Pencil Portrait by Antonio Bosano.
The quality of the prints are at a much higher level compared to the image shown on the left.
A3 Pencil Print-Price £45.00-Purchase
A4 Pencil Print-Price £30.00-Purchase
*Limited edition run of 250 prints only*
All Pencil Prints are printed on the finest Bockingford Somerset Velvet 255 gsm paper.
P&P is not included in the above prices.
The Godfather (1972)
The Godfather II (1974)
Dog day Afternoon (1975)
Frankie & Johnny (1991)
Scent of a woman (1992)
Glengarry Glen Ross (1992)
The Devil's Advocate (1997)
Al Pacino: The Authorized Biography (Al Pacino with Lawrence Grobel) 2007
For me personally, Pacino’s always been one of those actors I didn’t wish to know that much about, a fear perhaps that somehow any ‘insider information’ about him as a person, might detract from his innate on-screen ability to get under the skin of his many characterisations, in essence – to be intrinsically ‘believable.’
Last update: 14/1/16
There was something about Al Pacino’s performance in ‘Serpico’ that resonated within me; a sense of world weariness yet incorruptible consistency in the face of a failing police system. My father had lent me the book by Peter Maas, newly reissued to tie in with the film of the same name. Directed by Sidney Lumet, a stalwart of such classics as ‘Twelve Angry Men’ and ‘The Hill,’ and with a leading man already making waves after his appearance in ‘The Godfather,’ the movie couldn’t fail to deliver.
Nominated for a best actor Oscar, one of seven citations to date, Al was on a roll yet the coveted statuette would elude him for another nineteen years.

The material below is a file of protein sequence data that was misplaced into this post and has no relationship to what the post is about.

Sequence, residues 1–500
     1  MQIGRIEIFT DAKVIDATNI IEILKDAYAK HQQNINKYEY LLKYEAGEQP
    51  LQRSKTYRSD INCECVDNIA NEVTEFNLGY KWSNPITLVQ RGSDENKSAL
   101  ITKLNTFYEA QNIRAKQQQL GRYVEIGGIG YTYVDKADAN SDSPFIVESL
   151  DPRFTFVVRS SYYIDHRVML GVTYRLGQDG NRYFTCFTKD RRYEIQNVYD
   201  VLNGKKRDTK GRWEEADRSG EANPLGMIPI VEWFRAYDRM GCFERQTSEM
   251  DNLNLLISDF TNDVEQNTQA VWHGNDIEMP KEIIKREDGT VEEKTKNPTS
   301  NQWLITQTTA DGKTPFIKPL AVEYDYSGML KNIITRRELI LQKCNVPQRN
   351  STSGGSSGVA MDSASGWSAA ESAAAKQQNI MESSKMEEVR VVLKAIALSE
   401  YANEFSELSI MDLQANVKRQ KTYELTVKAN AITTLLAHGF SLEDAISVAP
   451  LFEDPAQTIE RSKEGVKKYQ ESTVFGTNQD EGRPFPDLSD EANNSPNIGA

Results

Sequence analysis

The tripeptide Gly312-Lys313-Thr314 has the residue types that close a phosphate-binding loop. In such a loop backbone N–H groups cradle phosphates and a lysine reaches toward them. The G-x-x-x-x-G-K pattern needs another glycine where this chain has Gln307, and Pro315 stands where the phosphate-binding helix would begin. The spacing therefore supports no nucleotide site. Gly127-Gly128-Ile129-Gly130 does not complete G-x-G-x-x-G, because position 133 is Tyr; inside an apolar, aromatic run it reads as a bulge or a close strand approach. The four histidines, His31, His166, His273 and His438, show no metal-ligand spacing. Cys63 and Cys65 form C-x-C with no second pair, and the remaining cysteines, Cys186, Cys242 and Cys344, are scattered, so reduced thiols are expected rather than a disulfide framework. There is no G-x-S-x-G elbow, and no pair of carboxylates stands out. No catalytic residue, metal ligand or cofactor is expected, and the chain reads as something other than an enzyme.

Interviewed by Paris Match in 2015, the actor would admit to some exasperation with the media’s unceasing interest in his past, and the necessity for him to talk about it – “……I live for the moment. Becoming rich and famous never interested me : I just wanted to act. I come from deep in the Bronx. Fame just landed on me, I wasn’t at all ready. After ‘The Godfather’, I didn’t know who I was anymore; women were sleeping on my doorstep… Lee Strasberg, who was my mentor, said something I have never forgotten: “Darling, you just have to adapt.” Anonymity is a luxury.”
Suitably intrigued by his attitude to an essentially narcissistic profession, the famous French magazine would recall a quotation from one of the film industry’s most widely acknowledged innovators.
Orson Welles said there are three types of people, “men, women, and actors”…
“Being an actor is a vocation. You have to liberate yourself to please others. I act like I paint. Painting is a hobby for me, and when I paint, I try to paint with my subconscious, not with my head; when I am finished, I am completely exhausted. One day, a woman asked me “Isn’t it strange for you to always play the devil?” I answered: “Madam, you should ask God that question, he is the one who lets us play these things!” I am often asked when I am going to stop acting… I can’t imagine life without it.”